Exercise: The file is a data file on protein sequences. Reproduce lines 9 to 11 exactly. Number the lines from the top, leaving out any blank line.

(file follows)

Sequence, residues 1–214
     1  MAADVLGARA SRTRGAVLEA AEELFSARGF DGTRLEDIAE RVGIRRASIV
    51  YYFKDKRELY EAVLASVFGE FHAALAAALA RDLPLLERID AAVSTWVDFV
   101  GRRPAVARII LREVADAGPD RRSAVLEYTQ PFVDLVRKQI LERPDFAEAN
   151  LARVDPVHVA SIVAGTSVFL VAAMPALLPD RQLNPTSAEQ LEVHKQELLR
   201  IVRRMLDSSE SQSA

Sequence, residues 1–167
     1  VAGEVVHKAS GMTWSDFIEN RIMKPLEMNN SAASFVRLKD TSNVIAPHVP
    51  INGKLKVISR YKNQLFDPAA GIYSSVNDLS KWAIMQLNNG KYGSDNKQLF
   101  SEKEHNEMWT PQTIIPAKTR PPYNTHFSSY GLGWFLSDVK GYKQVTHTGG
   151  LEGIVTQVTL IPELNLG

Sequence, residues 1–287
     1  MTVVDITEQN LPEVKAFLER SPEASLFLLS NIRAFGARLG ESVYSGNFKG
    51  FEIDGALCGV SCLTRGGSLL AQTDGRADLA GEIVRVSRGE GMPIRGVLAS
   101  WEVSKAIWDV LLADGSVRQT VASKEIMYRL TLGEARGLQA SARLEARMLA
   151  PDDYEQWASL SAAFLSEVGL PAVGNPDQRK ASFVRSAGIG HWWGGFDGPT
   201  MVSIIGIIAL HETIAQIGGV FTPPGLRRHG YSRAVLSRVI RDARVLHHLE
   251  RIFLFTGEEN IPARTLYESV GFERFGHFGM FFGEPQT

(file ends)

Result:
    51  INGKLKVISR YKNQLFDPAA GIYSSVNDLS KWAIMQLNNG KYGSDNKQLF
   101  SEKEHNEMWT PQTIIPAKTR PPYNTHFSSY GLGWFLSDVK GYKQVTHTGG
   151  LEGIVTQVTL IPELNLG